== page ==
May 28, 2020

11° C, Light rain showers

Full Forecast

Help us deliver reliable news during this pandemic.

We are working tirelessly to bring you trusted information about COVID-19. Support our efforts by subscribing today.

No Thanks Subscribe

Already a subscriber?


Advertise With Us

She writes what she knows, so her life is often on stage

Hey there, time traveller!
This article was published 28/4/2010 (3682 days ago), so information in it may no longer be current.

American import Alix Sobler has, in only five years, established herself as Winnipeg's most autobiographical playwright.

There's not much you don't know about her family gleaned from her string of Winnipeg Fringe Theatre Festival works.

Sobler (right) with Daniel Kash in Some Things You Keep, which premieres at WJT.


Sobler (right) with Daniel Kash in Some Things You Keep, which premieres at WJT.

Her fiancé Jason Neufeld has been a regular presence in her scripts, while her mother, father, brother, cousin and pets have also been immortalized. The actress/director even got named in Neufeld's provocatively titled play called Alix Sobler Slept With My Brother on stage. If you saw her 2004 solo show America vs. Canada you are also aware her grandfather arrived at New York City's Ellis Island in 1914 to escape anti-Semitism in his Polish village.

"It's true autobiography plays a large part in my work," says Sobler, on the eve of the premiere of her first full-length work, Some Things You Keep, opening tonight at the WJT's (Winnipeg Jewish Theatre) Berney Theatre.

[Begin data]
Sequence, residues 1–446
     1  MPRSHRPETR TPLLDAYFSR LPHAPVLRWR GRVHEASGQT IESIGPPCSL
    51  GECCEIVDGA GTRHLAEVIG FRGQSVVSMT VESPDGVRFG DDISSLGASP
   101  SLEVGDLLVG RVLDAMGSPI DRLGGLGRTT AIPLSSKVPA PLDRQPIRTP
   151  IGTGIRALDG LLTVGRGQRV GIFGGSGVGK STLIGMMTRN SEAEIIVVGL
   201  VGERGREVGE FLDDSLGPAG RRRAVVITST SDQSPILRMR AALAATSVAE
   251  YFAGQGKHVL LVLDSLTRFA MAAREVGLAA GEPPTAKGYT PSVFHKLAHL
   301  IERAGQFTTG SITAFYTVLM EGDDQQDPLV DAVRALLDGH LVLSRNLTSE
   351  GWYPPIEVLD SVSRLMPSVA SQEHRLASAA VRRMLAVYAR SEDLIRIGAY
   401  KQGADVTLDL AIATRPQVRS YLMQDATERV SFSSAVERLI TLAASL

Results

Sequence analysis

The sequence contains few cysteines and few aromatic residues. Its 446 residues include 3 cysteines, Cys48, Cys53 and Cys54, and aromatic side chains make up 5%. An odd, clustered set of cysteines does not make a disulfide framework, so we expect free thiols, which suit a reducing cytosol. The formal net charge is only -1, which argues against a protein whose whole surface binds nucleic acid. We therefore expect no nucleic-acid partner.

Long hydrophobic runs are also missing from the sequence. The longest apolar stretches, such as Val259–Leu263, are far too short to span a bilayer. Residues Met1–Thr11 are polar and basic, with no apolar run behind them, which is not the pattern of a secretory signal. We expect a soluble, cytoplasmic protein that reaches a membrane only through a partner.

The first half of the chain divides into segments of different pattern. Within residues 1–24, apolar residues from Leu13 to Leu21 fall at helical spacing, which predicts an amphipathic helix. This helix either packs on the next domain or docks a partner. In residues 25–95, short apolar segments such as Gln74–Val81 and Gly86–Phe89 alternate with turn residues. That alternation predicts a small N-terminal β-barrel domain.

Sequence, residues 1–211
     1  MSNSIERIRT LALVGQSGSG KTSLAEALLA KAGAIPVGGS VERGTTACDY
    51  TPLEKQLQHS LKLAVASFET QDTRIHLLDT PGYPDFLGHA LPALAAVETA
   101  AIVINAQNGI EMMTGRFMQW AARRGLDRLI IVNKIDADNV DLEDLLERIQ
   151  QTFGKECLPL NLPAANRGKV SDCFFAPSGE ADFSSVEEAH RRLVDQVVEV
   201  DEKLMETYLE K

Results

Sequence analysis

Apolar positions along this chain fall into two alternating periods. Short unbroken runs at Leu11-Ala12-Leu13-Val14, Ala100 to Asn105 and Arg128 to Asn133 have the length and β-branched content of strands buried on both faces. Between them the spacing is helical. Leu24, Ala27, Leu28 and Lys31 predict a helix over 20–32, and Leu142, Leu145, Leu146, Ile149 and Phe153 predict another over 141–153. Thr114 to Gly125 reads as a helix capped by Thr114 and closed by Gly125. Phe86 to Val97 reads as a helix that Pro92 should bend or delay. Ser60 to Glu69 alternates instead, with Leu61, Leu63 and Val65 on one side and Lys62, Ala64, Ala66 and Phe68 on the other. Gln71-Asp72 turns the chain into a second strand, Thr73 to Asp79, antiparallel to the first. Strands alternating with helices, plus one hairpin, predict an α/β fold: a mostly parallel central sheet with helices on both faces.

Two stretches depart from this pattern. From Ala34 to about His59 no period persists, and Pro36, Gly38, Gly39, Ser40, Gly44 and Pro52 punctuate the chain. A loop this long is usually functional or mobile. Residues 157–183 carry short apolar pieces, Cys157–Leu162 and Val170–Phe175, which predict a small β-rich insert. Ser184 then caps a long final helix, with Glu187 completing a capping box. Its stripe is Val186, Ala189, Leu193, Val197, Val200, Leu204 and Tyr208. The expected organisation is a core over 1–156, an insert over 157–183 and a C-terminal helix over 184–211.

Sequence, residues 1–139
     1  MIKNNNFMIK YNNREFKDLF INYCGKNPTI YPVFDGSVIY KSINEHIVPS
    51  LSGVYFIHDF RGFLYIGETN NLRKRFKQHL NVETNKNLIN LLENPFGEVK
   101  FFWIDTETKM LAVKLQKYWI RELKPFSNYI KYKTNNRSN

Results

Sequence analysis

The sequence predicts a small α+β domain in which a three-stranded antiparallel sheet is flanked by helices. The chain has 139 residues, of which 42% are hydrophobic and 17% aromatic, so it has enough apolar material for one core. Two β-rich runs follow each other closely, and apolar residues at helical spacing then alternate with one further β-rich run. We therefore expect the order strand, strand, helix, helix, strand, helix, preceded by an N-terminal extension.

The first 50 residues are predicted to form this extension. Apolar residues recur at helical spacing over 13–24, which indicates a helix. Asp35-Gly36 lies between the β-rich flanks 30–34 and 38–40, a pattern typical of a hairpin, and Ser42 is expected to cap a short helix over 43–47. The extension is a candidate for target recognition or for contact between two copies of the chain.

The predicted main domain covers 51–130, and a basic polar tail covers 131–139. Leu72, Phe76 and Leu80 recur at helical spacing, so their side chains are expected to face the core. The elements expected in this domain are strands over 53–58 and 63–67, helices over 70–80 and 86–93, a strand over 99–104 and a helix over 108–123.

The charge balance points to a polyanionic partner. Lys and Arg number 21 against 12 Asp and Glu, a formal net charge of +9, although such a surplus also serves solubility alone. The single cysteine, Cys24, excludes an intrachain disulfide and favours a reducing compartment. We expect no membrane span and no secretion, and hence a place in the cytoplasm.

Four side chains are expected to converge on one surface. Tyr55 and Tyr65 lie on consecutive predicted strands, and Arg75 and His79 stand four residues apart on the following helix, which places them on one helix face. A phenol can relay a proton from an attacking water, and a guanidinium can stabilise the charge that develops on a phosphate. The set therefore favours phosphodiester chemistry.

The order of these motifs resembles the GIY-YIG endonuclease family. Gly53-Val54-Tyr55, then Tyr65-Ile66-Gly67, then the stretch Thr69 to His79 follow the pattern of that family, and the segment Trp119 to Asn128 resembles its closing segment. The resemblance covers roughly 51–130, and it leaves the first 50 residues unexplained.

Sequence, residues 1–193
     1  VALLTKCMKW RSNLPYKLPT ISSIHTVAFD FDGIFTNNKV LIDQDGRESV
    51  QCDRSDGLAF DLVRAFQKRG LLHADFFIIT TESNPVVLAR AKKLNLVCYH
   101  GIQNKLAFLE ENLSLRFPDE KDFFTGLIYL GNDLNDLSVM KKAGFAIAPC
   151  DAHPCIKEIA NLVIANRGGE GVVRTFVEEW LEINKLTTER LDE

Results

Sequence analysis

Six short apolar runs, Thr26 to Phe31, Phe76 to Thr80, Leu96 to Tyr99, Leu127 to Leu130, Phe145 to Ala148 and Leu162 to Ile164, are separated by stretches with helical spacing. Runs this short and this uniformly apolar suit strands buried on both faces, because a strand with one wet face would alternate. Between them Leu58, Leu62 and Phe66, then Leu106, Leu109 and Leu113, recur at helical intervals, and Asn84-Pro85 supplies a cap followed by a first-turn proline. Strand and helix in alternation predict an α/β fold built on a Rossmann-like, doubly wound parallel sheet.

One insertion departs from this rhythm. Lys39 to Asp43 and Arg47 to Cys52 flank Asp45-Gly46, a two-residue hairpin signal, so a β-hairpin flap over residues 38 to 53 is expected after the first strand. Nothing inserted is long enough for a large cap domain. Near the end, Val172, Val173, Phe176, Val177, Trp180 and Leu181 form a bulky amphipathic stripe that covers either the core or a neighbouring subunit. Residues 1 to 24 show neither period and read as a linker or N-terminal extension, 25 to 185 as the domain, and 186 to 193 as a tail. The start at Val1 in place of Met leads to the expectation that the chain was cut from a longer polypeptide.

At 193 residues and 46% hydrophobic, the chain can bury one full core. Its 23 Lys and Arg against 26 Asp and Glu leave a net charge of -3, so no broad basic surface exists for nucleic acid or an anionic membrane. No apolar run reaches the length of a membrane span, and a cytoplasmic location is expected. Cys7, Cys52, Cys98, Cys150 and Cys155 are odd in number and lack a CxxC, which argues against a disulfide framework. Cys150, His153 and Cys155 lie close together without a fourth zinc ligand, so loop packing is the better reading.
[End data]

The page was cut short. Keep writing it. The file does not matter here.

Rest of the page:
"At the moment I find the 'ordinary people' in my life very fascinating. I miss my family in New York greatly. Writing about them makes me feel closer to them. My humour comes from my self-deprecation. My humour is what forces me to write about myself."

The two characters in Some Things You Keep were initially based on her father and herself, Sobler says. The set-up certainly sounds like it. Her stage stand-in Rebecca moved away from New York after her mother died to be with her non-Jewish partner in Winnipeg. Her father has never come to visit her until she asks him to deliver part of her inheritance.

The plot of her comedy mirrors her personal life except her father has never visited her in Winnipeg. Nor will he see Some Things You Keep although he is expected at her wedding to Neufeld here in June.

"This play I think explores our best and our worst when we are together," says Sobler, who will no doubt add some authenticity to the role of Rebecca by playing her in the WJT season-ender.

"I obviously relate to this character. It's not a massive stretch for me. It was a chance to be on stage saying a bunch of things I want to say."

WJT artistic producer Michael Nathanson, who commissioned Some Things You Keep, is a fan of writing where a real-life incident spurs a dramatic exploration.

"Alix's writing is very much like Alix is as a person," Nathanson says. "It's very charming, it's funny and it's smart. It's got attitude in a good way."

The run of Some Things You Keep represents Sobler's emergence from the fringe festival ghetto where artists like her self-produce their own works to attract the event's built-in crowds. She owes Canada's alternative theatre circuit a lot -- grateful for her first audiences and the love of her life, whom she met at the Saskatoon Fringe Festival in 2002. The dark-haired permanent citizen of Canada returned the following summer with her one-woman monologue Flavour of the Week, touring it to festivals from Montreal to Vancouver.